This is (one of the multifarious reasons) why I dislike the array of web subcultures bound by a family resemblance called The Netroots. They have no rhetoric, and will never have any because they don’t much care to reconstruct how their opponents think. If they did, they would recognize the genuine qualitative differences between millenarian jihadism and the City on the Hill theoconservatism of the contemporary right–one doesn’t see Young Republicans shaving their chest hair to tape explosives under their shirt before walking onto a San Francisco marketplace; there are reasons for this. As Jonathan Chait wrote, the comparison is so broad and tenuous as to be considered intellectualy and morally “obscene” :

There are certainly tendencies on the American right that are less extreme versions of Talibanism — intolerance toward religious minorities, an insistence of shaping public policy according to religious dogma, hostility to science that contradicts religious texts — but the differences in degree are so vast that they are a difference in kind.The Taliban enforces totalitarian law through wanton torture and violence. Whatever you want to say about the GOP’s policies toward women and gays, it’s not this:

 Moreover, they would recognize skimming over these distinctions is tactical suicide, a means by which to alienate moderates and make enemies ignore you.

I consider myself to be of a different strand of left-of-center politics than Moulitsas and his Netroots allies. Their worldview is populist, idealistic if not radical, doctrinaire and fixated upon fixed principles. I am a technocrat, a realist tending towards pessimism, and a skeptic of creeds and given to pragmatic utilitarian calculation. But at the end of the day, Moulitsas and I vote for the same party, and advocate on behalf of the same. The manner in which Moulitsas does so, I think, paints our side in a bad light. In publishing this book under this title, he does its subjects more good than his allies.

Honor killing thugs firebomb bystanders

Via the Daily Mail:

An ‘honour killing’ gang murdered a married couple in their home when they set fire to the wrong house.

Abdullah Mohammed and wife Aysha suffocated after petrol was poured through their letterbox and set alight by the gang of young men. The Mohammeds’ nine-year-old son and daughter, 14, were also at home during the attack but survived.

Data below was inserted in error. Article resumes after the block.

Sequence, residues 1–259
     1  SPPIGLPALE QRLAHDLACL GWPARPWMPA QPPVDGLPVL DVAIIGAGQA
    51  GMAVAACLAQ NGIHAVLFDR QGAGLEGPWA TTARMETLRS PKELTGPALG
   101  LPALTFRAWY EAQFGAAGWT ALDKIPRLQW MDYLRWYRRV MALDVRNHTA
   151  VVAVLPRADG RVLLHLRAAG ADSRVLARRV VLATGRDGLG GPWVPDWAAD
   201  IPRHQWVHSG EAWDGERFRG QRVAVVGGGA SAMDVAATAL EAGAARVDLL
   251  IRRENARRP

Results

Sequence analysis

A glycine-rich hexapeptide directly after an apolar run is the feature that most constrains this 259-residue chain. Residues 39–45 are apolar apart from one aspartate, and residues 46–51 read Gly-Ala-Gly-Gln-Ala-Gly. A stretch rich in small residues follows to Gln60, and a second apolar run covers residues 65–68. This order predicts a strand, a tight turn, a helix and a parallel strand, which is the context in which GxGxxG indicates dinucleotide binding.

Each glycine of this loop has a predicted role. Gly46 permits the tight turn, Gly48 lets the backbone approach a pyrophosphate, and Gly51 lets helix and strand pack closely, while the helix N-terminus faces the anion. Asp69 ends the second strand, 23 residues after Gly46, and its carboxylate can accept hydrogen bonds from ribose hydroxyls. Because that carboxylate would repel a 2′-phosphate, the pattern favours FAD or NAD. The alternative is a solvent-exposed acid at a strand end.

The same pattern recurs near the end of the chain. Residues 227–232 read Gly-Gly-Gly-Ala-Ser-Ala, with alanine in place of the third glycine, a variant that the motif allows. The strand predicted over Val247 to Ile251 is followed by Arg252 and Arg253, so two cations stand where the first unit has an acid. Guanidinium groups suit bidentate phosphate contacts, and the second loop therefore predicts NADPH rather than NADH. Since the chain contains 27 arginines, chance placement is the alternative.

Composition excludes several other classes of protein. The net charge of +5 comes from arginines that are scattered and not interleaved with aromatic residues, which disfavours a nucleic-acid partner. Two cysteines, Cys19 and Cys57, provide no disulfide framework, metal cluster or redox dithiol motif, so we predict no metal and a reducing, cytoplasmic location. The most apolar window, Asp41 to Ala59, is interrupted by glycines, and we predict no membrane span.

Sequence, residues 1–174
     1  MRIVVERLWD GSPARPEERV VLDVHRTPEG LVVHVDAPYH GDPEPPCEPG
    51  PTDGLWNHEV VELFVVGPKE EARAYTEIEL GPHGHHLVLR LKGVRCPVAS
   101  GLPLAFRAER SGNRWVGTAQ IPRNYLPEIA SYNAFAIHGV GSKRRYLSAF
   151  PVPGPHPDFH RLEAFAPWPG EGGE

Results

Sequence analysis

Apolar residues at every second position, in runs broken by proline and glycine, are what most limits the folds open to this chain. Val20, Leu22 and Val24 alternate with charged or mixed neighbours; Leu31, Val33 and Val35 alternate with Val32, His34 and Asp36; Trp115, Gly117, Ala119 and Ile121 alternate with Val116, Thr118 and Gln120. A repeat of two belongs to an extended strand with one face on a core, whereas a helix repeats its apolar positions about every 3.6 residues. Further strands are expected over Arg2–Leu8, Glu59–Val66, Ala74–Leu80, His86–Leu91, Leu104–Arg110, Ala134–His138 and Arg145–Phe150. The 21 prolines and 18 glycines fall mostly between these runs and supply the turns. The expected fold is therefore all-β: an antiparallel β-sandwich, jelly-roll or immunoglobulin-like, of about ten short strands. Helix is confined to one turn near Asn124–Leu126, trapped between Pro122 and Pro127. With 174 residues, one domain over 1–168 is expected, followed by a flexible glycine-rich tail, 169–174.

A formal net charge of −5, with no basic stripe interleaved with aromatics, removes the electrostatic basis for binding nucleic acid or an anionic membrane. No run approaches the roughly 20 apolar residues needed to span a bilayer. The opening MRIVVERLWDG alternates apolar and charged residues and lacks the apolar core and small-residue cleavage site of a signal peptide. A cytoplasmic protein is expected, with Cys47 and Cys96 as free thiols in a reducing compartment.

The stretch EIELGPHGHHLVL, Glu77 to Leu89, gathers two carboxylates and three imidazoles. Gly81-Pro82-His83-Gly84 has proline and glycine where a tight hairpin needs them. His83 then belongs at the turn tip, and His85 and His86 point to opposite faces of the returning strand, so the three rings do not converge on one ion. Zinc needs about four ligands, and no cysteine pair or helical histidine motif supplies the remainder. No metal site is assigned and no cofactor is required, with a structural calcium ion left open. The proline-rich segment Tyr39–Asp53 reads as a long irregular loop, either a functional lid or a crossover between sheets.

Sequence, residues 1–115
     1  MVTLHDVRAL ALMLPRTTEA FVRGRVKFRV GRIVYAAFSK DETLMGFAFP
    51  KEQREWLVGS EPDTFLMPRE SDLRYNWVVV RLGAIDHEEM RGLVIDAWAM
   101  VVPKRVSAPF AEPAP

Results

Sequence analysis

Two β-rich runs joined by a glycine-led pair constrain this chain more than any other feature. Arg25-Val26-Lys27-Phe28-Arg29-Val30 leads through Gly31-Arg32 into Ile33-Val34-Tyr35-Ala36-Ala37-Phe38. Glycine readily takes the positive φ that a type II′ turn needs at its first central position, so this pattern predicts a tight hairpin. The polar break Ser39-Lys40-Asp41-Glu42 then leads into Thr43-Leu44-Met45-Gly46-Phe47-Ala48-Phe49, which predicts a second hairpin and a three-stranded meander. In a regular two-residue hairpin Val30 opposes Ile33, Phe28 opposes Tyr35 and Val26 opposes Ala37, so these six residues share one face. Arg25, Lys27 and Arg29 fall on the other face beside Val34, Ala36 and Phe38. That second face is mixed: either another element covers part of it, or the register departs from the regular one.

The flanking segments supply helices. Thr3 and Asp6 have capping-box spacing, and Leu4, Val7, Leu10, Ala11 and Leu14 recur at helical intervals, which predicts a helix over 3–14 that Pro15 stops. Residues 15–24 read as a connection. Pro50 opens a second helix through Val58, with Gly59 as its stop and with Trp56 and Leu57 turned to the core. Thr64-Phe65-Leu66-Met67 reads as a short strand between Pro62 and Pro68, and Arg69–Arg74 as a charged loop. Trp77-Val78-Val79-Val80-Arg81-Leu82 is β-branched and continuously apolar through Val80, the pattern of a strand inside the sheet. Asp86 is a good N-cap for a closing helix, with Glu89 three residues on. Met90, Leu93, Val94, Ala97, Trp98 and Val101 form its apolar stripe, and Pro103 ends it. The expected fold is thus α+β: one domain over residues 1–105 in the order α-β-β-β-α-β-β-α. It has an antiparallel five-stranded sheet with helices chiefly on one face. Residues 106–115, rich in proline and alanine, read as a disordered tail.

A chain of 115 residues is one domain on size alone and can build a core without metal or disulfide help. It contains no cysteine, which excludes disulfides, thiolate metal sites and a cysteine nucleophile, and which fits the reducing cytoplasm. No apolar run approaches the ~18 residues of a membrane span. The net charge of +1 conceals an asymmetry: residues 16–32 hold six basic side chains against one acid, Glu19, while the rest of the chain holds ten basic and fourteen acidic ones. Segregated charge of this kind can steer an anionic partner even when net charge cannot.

Four men were yesterday found guilty of murdering the husband and wife, including 21-year-old gang leader Hisamuddin Ibrahim who had intended to attack a man who was having an affair with his married sister.

Ibrahim ordered three accomplices to set a fire at the home of Mo Ibrahim, who is not related, in the early hours of the morning. But Habib Iqbal, Sadek Miah and Mohammed Miah mistakenly targeted the Mohammeds’ house on the same terrace street in Blackburn as their intended victim. As the gang fled, neighbours tried in vain to break into the burning home before the fire brigade arrived on October 21 last year.

Mr Mohammed, 41, died after being found unconscious in his bedroom with his wife and two of their three children. His 39-yearold wife died in hospital days later.

London Underground worker Ibrahim was enraged when he discovered his 22-year-old sister Hafija Gorji was having an affair with the man she had met at a wedding. As rumours circulated a month before the fire, Mrs Gorji’s lover had lied as he swore on the Koran in front of her relatives that the pair were just good friends, Preston Crown Court heard.

Ibrahim, from East London, had then asked best friend 25-year-old Iqbal, Miah, 19, and Sadek Miah, 23, to drive up from the capital overnight and carry out the attack. He had been inspired by a story on the BBC’s Crimewatch website about an unsolved late-night arson in Eastbourne.

There were no witnesses to the start of the blaze in Blackburn but CCTV captured a vehicle circling the surrounding streets three times shortly before the fire. Three figures left the car, one carrying a container, before the trio ran back and drove off with the vehicle’s headlights turned off. The car, a black Volskwagen Golf registered to Sadek Miah’s mother, was then driven straight back to London.

The gang, from Manor Park and Tower Hamlets in East London, had all denied murder and face long jail terms. They will be sentenced later.

Ayaan Hirsi Ali on Australia’s Dateline